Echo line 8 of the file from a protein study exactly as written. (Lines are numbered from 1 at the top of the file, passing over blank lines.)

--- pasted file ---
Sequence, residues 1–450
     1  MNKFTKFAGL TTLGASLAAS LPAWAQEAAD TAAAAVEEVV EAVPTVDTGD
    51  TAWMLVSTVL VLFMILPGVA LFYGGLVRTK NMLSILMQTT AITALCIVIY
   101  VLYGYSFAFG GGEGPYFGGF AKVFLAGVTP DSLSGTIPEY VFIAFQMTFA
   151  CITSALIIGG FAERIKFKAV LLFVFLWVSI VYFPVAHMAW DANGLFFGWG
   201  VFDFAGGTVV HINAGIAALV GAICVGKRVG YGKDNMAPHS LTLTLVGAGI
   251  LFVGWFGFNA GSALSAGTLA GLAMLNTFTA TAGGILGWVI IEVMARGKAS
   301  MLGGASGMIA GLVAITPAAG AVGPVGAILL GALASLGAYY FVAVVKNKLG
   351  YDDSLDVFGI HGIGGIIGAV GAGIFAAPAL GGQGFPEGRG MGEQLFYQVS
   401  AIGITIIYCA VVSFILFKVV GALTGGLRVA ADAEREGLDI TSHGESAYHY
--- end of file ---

   301  MLGGASGMIA GLVAITPAAG AVGPVGAILL GALASLGAYY FVAVVKNKLG